The Arctic poses challenges to oil spill response, such as extreme weather and environmental settings, limited operations and communications infrastructure, a vast geographic area, and vulnerable species, ecosystems, and cultures.

“There is a need to validate current and emerging oil spill response technologies under these real-world conditions,” the report finds.
Grabowski

The Committee on Responding to Oil Spills in Arctic Environments that wrote the report is chaired by Professor Martha Grabowski, Business Administration Department, LeMoyne College, and includes scientists from the United States, Norway, England and Australia, as well as Thomas Coolbaugh, an associate of ExxonMobil Research and Engineering Co.”

The committee recommends that “carefully controlled field experiments that release oil in the U.S. Arctic be conducted as part of a long-term, collaborative Arctic oil spill research and development program that spans local, state, and federal levels.

It suggests that positioning response equipment such as aerial in situ burn and dispersant capabilities in the region before a spill occurs would provide immediate access to rapid response options.

The U.S. Coast Guard’s presence and performance capacity in the Arctic should be enhanced, the report recommends. The Coast Guard should work with the Alaska Department of Environmental Conservation to develop an oil spill training program for local communities and trained response teams in local villages.

They also should integrate local and traditional knowledge of ice and ocean conditions and marine life to enhance oil spill response, the report says.
map

Given the nearness of U.S. Arctic waters to international territories, communications between command centers, coordinated planning, trans-boundary movement of people and equipment, and identification of translators, should be addressed before an actual spill, the report says.

While formal contingency planning and exercises with Canada have been established, the U.S. Coast Guard should expand its bilateral agreement with Russia to include Arctic spill scenarios and conduct regularly scheduled exercises to establish joint response plans, the report recommends.

“High-quality nautical charting is essential for marine traffic purposes and oil spill response in the Arctic. However, shoreline topographic and hydrographic data are mostly obsolete, with limited tide, current, and water level data and very little ability to get accurate positioning and elevation,” the report warns.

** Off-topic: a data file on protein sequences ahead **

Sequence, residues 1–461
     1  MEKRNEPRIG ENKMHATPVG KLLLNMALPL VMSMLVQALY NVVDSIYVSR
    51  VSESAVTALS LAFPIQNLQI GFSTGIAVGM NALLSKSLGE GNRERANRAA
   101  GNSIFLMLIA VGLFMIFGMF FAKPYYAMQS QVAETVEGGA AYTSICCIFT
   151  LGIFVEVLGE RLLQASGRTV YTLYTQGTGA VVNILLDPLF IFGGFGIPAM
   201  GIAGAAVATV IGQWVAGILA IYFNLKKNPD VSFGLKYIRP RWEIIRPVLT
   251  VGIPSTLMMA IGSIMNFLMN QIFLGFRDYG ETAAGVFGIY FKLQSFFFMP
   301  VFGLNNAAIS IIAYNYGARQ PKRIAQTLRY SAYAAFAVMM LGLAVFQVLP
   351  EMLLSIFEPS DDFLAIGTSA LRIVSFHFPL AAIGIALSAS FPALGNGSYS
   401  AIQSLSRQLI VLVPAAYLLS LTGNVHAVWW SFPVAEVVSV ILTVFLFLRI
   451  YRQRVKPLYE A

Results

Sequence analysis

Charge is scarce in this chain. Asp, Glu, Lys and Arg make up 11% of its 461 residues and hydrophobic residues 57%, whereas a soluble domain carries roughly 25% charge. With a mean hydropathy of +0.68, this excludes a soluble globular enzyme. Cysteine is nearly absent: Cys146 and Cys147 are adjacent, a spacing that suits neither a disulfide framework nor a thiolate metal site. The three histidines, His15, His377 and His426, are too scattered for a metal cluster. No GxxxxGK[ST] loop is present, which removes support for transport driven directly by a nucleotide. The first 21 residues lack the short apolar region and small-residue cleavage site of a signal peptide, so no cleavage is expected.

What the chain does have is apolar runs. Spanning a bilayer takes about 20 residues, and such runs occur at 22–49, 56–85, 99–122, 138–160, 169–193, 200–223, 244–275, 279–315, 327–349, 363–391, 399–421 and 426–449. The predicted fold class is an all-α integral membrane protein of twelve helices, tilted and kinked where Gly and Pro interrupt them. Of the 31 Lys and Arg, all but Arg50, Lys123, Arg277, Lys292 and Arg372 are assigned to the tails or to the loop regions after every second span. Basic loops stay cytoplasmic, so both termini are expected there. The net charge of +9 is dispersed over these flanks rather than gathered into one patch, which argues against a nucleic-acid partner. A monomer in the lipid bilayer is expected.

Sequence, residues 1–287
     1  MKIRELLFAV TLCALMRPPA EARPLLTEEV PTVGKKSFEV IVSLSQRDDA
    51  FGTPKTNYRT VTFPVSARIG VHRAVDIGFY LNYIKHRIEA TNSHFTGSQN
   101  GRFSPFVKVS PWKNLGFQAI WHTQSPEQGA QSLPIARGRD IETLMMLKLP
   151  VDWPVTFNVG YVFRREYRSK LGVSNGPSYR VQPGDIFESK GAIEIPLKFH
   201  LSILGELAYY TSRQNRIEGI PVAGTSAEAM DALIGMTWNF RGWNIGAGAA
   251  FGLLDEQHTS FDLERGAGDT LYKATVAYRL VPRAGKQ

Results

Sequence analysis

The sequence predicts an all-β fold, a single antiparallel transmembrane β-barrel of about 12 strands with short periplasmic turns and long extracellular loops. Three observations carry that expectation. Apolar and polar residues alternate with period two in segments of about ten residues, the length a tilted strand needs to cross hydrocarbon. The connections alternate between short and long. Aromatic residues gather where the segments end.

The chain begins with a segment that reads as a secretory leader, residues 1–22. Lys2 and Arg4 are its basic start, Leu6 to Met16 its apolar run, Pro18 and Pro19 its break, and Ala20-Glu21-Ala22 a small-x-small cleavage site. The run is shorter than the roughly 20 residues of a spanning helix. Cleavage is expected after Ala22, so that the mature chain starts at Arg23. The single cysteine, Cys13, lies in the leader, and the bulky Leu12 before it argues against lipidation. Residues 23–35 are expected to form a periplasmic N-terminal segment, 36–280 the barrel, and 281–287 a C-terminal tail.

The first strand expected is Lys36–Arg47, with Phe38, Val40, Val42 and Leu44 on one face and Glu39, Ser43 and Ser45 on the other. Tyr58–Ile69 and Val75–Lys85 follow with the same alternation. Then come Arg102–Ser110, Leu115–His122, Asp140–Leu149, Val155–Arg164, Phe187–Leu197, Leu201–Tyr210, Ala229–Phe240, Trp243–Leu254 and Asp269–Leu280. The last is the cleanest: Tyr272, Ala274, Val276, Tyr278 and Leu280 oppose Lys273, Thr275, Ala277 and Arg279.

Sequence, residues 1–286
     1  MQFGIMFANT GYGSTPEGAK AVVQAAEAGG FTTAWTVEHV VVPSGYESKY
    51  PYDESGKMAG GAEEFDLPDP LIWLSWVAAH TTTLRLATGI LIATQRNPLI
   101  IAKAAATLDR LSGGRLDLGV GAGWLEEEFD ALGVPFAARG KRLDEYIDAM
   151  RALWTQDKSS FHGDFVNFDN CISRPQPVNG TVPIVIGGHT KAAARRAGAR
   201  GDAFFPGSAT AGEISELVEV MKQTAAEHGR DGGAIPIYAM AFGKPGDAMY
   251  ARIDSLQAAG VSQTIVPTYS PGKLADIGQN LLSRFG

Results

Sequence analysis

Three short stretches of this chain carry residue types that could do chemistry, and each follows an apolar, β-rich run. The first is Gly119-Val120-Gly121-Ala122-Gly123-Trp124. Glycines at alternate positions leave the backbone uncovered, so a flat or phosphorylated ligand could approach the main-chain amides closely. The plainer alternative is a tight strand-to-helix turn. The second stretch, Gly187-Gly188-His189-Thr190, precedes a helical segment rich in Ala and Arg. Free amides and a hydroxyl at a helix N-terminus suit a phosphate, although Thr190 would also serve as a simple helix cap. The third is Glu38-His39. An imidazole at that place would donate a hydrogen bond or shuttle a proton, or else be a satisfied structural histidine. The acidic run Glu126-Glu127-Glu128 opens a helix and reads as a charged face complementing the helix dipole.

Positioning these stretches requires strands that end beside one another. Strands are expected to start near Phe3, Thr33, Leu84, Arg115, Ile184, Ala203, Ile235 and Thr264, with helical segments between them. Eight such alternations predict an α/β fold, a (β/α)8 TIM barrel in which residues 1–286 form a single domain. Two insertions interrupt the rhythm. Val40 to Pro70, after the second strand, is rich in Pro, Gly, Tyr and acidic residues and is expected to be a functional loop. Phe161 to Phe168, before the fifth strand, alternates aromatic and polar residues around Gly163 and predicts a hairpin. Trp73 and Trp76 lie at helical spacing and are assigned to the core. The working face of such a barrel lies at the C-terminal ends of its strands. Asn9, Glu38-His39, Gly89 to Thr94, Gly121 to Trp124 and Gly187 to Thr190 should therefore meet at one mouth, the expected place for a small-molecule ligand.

“Vessel traffic is not actively managed in the Bering Strait or in the U.S. Arctic, nor is there a comprehensive system for real-time traffic monitoring,” states the report. “The lack of a U.S. vessel traffic monitoring system for the Arctic creates significant vulnerability for U.S. Arctic missions, including oil spill response, and creates undue reliance on private industry and foreign national systems.”

“Private AIS [Automatic Identification System] receivers are used to track vessels in the Bering Strait and along a large part of Alaska coastal areas, but there are significant gaps in coverage. Consequently, there are numerous regional ‘blind spots’ where an early indication of elevated risks may not be apparent to officials on shore,” warns the committee.
Chukchi

The committee also cautions that the Oil Spill Liability Trust Fund “may prove insufficient to cover the sociological as well as economic damages of an affected community,” adding that a structure other than the National Contingency Plan may be needed to deal with broader social impacts resulting from a significant oil spill.

The study was sponsored by the U.S. Arctic Research Commission, the American Petroleum Institute, U.S. Coast Guard, U.S. Department of the Interior, Bureau of Ocean Energy Management, Bureau of Safety and Environmental Enforcement, Marine Mammal Commission, National Oceanic and Atmospheric Administration, Oil Spill Recovery Institute, and the National Academy of Sciences.

Greenpeace U.S. Arctic Campaigner John Deans commented, “This proves yet again that Arctic drilling is far too risky. The only way to prevent a spill is not to drill in the first place.”